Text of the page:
Recent developments concerning the international financial architecture have drawn attention to the problem of accountability within the structure of global financial governance. Some progress has been achieved in outlining the scale of the problem in terms of multilateral economic institutions such as the International Monetary Fund (IMF) and World Bank (see Woods, above, ch. 2). But little progress has been made with regard to the vexed question of how to address – either conceptually or practically – the problem of accountability in the myriad of other institutions actually involved in global financial governance. This is unsurprising. Most of the institutions and agencies involved in global financial governance are either national in scope or less formalized in their levels of institutionalization than are the IMF and World Bank. Moreover, they are by their very nature highly specialized agencies concerned with technical issues that require a certain level of expertise before meaningful oversight can be achieved. In order to advance lines of accountability in the absence of traditional democratic links between decision-making institutions and the public, I argue that accountability has to be better internalized within the context of a strengthened global financial public sphere, where norms of inclusion and publicness can be established and instantiated. Accountability as a ‘problem’ Accountability within the broader structure of financial governance needs to be problematized precisely because of the way it forms part of the general ensemble of governance concerns.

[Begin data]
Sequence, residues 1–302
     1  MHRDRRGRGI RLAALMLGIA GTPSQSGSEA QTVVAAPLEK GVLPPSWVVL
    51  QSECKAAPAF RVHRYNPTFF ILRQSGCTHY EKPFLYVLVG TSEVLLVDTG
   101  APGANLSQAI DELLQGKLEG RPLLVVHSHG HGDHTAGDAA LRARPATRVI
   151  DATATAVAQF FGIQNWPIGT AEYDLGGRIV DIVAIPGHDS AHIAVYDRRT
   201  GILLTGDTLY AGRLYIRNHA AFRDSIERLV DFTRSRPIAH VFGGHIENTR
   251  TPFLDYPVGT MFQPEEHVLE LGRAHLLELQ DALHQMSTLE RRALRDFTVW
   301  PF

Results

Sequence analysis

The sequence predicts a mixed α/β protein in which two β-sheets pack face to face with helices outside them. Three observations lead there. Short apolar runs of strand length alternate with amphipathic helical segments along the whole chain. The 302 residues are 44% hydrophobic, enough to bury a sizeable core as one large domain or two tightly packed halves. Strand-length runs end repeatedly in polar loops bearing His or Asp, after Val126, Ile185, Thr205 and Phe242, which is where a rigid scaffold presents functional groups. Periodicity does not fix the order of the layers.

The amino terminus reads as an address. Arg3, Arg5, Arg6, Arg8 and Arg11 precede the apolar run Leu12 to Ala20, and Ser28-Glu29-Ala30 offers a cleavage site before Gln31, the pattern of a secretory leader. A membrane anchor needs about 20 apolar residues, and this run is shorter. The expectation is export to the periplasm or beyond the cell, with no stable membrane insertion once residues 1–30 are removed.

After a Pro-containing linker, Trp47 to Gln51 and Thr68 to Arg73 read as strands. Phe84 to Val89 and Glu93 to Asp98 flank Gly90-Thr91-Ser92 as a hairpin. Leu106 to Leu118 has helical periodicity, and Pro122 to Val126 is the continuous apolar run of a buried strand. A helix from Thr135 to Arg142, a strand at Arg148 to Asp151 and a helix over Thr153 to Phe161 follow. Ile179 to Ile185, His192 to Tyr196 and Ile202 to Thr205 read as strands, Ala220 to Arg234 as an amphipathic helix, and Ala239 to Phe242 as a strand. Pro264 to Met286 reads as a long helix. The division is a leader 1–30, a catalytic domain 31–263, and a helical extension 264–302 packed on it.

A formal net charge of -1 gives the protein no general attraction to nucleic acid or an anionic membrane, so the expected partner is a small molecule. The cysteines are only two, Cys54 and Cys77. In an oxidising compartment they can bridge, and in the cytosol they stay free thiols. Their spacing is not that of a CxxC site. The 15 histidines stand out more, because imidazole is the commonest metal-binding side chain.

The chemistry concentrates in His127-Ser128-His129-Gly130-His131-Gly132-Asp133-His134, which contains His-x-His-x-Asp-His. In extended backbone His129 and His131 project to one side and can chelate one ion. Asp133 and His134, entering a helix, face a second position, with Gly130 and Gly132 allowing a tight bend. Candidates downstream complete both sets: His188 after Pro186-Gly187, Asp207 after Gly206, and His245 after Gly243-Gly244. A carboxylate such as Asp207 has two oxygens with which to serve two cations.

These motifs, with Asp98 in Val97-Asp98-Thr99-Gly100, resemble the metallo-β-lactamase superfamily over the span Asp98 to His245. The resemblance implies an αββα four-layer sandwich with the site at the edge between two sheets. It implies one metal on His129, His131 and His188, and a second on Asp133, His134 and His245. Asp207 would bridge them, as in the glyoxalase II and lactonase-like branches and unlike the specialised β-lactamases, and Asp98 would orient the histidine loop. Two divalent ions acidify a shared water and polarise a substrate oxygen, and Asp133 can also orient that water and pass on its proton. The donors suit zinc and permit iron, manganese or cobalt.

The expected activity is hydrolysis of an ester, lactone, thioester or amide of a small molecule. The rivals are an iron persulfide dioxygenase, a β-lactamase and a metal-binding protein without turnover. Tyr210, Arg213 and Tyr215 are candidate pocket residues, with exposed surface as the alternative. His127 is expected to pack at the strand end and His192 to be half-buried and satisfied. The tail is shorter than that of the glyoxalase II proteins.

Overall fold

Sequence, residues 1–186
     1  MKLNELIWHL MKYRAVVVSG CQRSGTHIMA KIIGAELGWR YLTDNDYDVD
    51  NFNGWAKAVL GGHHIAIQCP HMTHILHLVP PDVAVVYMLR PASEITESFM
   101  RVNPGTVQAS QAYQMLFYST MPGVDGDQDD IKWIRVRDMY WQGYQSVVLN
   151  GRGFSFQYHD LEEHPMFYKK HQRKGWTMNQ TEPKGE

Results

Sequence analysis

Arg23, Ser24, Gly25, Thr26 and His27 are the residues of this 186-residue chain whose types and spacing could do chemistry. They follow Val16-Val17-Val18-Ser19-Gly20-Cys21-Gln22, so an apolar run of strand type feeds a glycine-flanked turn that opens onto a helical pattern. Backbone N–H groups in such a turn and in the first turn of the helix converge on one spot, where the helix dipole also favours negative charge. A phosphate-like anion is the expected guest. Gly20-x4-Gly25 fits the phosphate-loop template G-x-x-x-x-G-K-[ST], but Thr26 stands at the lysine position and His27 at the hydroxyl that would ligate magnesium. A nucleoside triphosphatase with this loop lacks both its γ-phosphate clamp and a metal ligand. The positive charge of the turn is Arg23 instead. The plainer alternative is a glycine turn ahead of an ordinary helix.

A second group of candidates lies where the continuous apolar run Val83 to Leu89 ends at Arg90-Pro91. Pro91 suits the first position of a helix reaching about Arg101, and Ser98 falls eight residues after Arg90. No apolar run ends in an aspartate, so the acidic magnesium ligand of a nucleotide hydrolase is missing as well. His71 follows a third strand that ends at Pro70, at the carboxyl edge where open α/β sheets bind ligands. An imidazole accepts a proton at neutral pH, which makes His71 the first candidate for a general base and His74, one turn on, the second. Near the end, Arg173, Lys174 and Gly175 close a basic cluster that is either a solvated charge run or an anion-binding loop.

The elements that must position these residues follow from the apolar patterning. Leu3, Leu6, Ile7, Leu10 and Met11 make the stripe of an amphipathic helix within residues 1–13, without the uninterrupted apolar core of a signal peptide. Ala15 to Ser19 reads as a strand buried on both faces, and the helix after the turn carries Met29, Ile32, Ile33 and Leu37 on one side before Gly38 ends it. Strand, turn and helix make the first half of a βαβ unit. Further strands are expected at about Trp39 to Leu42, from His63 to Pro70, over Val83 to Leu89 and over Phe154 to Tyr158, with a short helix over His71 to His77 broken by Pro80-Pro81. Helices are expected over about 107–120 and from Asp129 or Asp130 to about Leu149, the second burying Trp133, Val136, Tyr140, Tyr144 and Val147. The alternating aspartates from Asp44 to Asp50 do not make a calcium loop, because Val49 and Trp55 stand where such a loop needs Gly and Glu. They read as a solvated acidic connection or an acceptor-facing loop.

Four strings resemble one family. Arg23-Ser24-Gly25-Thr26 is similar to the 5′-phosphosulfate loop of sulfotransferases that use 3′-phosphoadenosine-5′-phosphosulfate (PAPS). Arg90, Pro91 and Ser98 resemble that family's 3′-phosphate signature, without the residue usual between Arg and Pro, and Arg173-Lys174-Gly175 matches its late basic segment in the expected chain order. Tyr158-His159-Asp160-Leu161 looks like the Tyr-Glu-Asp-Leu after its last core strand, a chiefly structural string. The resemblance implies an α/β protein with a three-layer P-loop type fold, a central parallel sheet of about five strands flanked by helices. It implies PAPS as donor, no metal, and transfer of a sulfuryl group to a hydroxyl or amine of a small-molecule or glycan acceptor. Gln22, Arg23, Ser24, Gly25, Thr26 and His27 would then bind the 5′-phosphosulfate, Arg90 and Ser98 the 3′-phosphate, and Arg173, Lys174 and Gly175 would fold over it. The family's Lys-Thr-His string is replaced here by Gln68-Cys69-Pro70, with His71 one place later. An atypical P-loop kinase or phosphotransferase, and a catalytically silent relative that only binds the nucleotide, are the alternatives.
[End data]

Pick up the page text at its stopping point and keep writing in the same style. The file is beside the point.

Department of Political Science

Germain, R.D. (2007). Global financial governance and the problem of accountability: The role of the public sphere. In Global Accountabilities: Participation, Pluralism, and Public Ethics (pp. 45–64). doi:10.1017/CBO9780511490903.004